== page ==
Wednesday, February 08, 2012

America Hating

This isn't a new point. I've been making it for quite a while.

At heart, the right in the United States - which is indistinguishable, for any practical purpose, from the beating heart of the Republican Party (the problems with the Democratic Party are a topic for another day) - is anti-American. Not in the old-fashioned way some on the right claim liberals hate this country because we criticize this or that policy or action. No, the right hates America because they detest the Constitution. They invoke it all the time. When they do, they show a remarkable lack of understanding of the text of the document, its provenance in the brain of James Madison and the arguments for and against it (they're available in paperback; I have two different print editions; one contains the Federalist Papers, the other the anti-Federalist papers), and how it's been interpreted over the centuries by the courts.

The first time I really noticed this, was nearly five years ago. Thomas Sowell, of the Hoover Institute, a favorite among the right because he has a Ph. D. and no other academics pay attention to him. That he's African-American is like a trifecta, heaping the cries of victimhood and liberal racism upon the naked bones of his empty scholarship. Sowell is also a part-time pundit (he may have stopped; I certainly never paid enough attention to notice whether he still writes political commentary), and back in the dim days of 2007, in the midst of a piece, he mused on the potential benefits of a military coup.

That same day, according to the Wayback Machine, Glenn Greenwald wrote an article in Salon taking on Harvard government professor Harvey Mansfield and a piece he wrote for The Wall Street Journal (the article sits behind WSJ's paywall now, sad to say) entitled, "The Case for the Strong Executive". From Greenwald:
Unlike dishonest Bush followers who ludicrously claimed that Bush’s eavesdropping was not illegal, Mansfield embraced reality and candidly argued that President Bush possesses the power to break the law in order to fight The Terrorists. The headline of that article presented the same mutually exclusive choice as the WSJ article today: The Law and the President — in a national emergency, who you gonna call?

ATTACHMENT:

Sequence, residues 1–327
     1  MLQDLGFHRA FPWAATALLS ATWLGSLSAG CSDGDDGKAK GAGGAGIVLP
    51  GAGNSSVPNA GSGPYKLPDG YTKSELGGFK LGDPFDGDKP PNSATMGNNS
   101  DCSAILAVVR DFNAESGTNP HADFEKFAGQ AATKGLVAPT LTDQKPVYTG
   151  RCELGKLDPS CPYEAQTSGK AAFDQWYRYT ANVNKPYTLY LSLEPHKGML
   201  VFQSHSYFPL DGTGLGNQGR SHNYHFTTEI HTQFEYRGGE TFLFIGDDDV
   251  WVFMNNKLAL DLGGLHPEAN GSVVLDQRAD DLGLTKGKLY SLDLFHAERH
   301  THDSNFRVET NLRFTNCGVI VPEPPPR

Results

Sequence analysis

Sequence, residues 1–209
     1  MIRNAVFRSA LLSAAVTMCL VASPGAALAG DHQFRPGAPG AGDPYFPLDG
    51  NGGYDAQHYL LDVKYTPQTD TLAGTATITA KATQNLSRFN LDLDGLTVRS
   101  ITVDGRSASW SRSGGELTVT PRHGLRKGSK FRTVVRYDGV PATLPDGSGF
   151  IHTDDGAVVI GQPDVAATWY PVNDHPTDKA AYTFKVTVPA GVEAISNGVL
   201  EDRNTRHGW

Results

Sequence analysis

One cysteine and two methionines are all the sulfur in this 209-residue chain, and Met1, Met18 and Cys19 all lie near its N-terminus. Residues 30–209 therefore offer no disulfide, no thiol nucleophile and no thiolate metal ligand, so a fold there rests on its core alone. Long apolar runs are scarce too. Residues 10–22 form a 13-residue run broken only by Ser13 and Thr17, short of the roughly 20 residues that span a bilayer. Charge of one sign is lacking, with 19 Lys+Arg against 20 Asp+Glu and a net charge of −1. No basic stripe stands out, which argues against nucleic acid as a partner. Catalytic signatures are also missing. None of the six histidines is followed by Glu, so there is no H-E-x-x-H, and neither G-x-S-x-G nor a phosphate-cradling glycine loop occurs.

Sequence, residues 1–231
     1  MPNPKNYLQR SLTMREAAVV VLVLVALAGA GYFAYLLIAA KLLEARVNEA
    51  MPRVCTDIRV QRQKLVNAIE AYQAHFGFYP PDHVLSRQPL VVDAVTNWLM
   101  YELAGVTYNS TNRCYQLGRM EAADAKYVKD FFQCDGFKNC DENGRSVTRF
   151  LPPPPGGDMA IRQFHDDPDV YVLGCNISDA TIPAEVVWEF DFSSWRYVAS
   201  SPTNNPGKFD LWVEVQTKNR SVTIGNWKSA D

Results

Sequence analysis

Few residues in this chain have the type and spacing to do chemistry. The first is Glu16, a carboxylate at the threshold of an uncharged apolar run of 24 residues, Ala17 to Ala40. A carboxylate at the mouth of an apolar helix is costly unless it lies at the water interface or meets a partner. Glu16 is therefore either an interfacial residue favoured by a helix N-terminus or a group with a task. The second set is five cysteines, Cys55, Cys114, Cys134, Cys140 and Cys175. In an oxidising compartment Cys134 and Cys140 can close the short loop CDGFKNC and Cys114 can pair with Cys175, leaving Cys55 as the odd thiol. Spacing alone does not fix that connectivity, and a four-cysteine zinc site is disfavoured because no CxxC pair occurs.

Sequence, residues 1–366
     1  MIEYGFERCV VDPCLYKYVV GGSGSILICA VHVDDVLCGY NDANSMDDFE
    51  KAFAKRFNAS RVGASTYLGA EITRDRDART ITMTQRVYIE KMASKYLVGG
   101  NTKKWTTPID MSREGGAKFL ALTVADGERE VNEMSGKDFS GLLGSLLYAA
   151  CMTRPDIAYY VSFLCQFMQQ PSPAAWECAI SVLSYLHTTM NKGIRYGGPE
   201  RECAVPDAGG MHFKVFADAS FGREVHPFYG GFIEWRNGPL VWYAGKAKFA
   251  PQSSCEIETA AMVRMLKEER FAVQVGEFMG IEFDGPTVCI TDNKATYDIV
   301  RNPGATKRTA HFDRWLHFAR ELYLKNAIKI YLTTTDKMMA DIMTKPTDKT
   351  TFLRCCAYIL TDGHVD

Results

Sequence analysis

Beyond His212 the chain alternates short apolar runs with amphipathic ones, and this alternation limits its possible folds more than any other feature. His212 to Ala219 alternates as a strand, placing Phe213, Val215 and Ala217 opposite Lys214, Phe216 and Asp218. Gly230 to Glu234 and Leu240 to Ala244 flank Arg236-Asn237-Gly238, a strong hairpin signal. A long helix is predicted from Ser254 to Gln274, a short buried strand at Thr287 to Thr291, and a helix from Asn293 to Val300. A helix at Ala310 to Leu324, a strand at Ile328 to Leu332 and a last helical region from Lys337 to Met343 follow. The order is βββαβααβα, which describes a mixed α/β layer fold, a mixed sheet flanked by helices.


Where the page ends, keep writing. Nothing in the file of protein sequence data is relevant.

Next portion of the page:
In that article, Mansfied claimed, among other things, that our “enemies, being extra-legal, need to be faced with extra-legal force“; that the “Office of President” is “larger than the law”; that “the rule of law is not enough to run a government”; that “ordinary power needs to be supplemented or corrected by the extraordinary power of a prince, using wise discretion”; that “with one person in charge we can have both secrecy and responsibility”
Around this same time - 2007 was the dawning realization among many on the right that most Americans wanted the Bush Presidency over, his pack of goons and flunkies gone to the Elysian Fields of corporate lobbyhood, and someone - anyone - in the White House - there was yet another explicit call for an American dictatorship.
Yet in 2007 he is generally despised, with many citizens of Western civilization expressing contempt for his person and his policies, sentiments which now abound on the Internet. This rage at President Bush is an inevitable result of the system of government demanded by the people, which is Democracy.

The inadequacy of Democracy, rule by the majority, is undeniable -- for it demands adopting ideas because they are popular, rather than because they are wise. This means that any man chosen to act as an agent of the people is placed in an invidious position: if he commits folly because it is popular, then he will be held responsible for the inevitable result. If he refuses to commit folly, then he will be detested by most citizens because he is frustrating their demands.